Nine other states – Montana, Oregon, Colorado, Arizona, Ohio, Missouri, Florida, Rhode Island and Vermont – also raise minimum wage rates on New Year’s Day.
Most of the new rates will remain under $8, including $7.80 in Montana. Vermont’s wage will increase to $8.60 and Oregon’s will go to $8.95 an hour.
OLYMPIA – While a House committee considered plans Tuesday to cut wages for some of the state's lowest-paid private workers, a Senate committee tried to emphasize the state doesn’t pay the salaries of its highest-paid public workers.
The House Labor Committee considered five different changes to the state's minimum wage law, which rises with inflation because of a 1998 ballot initiative and is now among the highest in the nation.
It’s so high that it hurts employment, training opportunities and profits, business groups told the committee. Cut the minimum wage and those workers will have less to spend in the economy, opponents of the bills said.
The Senate Higher Education Committee, meanwhile, aired out a bill that would prohibit by statute something that currently doesn't happen anyway: using state tax money to pay the salaries of coaches and other intercollegiate sports expenses at Washington State University and University of Washington.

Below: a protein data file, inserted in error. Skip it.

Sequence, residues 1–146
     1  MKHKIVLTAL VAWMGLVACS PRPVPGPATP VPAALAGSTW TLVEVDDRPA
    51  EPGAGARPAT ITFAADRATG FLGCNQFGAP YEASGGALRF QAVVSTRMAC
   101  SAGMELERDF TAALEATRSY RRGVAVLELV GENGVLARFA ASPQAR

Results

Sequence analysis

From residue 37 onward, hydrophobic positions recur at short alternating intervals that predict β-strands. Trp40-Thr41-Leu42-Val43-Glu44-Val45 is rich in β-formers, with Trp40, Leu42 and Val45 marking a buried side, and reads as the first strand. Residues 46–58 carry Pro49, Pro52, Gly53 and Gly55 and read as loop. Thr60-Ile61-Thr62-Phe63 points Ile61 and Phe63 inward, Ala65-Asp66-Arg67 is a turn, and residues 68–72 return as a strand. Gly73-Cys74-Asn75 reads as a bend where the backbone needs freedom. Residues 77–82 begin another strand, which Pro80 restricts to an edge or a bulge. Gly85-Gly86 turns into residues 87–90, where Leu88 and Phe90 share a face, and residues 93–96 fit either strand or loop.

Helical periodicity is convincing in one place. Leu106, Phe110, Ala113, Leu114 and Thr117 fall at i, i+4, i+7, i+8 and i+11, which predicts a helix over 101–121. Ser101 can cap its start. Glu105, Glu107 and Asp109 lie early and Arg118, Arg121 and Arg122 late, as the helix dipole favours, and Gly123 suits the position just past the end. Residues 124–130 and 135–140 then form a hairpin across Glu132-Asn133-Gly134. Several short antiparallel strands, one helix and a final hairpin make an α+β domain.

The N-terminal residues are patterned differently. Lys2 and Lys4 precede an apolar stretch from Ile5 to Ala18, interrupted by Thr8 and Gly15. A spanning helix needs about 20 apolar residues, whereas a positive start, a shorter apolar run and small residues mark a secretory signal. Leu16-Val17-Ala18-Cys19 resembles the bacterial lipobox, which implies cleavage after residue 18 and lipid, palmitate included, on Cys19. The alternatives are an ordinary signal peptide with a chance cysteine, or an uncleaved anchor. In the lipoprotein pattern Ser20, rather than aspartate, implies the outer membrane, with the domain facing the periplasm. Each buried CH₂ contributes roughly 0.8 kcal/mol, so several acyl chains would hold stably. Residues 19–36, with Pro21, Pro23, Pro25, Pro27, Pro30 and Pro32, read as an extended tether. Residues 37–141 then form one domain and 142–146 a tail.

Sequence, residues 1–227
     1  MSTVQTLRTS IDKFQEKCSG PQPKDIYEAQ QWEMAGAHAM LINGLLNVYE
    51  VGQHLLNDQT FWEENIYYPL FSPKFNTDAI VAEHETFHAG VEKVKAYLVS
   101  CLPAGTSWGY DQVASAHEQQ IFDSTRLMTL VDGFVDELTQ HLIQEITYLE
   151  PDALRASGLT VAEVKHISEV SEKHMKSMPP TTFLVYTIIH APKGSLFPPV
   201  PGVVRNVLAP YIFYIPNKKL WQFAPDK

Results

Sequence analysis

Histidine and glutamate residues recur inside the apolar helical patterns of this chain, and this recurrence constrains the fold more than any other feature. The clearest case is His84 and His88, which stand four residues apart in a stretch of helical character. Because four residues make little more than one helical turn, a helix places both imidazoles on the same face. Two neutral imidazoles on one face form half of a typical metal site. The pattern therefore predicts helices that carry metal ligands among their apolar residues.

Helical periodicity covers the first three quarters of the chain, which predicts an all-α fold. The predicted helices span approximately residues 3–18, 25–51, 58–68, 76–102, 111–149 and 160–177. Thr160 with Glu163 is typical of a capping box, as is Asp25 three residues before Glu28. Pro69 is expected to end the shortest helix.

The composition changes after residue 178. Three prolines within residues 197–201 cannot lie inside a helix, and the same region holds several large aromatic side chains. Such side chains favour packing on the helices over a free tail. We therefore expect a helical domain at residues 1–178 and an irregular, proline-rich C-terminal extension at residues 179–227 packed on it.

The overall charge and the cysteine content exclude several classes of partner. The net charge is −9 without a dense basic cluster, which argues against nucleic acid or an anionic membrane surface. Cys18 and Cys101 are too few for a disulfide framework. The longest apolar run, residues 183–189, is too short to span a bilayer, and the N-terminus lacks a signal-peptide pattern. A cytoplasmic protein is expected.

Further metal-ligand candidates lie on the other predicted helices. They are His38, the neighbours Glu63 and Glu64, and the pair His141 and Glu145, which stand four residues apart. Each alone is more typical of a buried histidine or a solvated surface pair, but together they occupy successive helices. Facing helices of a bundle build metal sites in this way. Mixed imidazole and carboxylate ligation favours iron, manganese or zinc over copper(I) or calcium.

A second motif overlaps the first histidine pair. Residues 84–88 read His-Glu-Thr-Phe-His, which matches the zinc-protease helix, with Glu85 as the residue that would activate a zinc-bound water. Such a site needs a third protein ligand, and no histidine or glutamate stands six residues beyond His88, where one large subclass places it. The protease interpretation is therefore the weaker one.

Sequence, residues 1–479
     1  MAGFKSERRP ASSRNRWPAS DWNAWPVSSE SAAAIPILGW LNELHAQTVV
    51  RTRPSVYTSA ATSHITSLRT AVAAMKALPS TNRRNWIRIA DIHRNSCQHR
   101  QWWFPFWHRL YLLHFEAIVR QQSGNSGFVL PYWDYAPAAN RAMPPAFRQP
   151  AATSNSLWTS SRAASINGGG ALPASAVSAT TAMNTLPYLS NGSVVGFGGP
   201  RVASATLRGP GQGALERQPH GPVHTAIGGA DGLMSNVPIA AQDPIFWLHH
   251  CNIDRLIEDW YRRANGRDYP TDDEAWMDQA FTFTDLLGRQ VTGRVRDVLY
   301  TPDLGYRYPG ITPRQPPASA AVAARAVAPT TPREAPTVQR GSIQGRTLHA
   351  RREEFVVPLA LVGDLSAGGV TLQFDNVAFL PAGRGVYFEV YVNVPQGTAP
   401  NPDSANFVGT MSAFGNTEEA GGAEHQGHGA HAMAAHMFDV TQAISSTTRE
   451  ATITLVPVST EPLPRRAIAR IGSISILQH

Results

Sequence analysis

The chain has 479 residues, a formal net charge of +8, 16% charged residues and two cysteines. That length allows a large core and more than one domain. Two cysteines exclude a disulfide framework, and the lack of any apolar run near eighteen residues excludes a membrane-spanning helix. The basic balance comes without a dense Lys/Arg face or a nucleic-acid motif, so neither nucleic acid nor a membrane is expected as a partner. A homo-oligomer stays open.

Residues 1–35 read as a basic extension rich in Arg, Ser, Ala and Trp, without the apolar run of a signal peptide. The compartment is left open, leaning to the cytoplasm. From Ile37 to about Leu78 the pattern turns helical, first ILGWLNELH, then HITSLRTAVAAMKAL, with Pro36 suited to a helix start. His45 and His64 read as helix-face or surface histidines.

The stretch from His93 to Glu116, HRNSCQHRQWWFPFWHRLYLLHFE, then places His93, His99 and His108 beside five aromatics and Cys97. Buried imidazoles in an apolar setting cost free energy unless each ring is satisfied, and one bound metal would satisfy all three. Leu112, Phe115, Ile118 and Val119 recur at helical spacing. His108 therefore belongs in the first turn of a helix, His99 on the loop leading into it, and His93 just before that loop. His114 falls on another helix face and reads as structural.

“Everywhere I go, people are saying ‘I can’t believe the highest paid people for the state of Washington are football coaches,’ ” said Sen. Mary Margaret Haugen, D-Camano Island. They’re often skeptical when she tells them that’s not state money; her bill would give current practice of using outside revenue to pay for intercollegiate expenses “the force of law.”…
Washington state’s minimum wage increases by 37 cents to $9.04 an hour starting on New Year’s Day. While the state’s current rate of $8.67 an hour is already the highest state minimum wage in the nation, a few cities, like San Francisco, have their own laws and have higher rates. San Francisco’s current rate of $9.92 jumps to $10.24 on Sunday, making it the first city in the nation to top a $10 minimum wage. The federal minimum wage is $7.25. Idaho’s minimum wage matches the federal wage, although employees who earn tips can be paid a wage as little as $3.35 per hour in Idaho. Washington is among a handful of states where the minimum wage will increase Sunday/Associated Press. More here.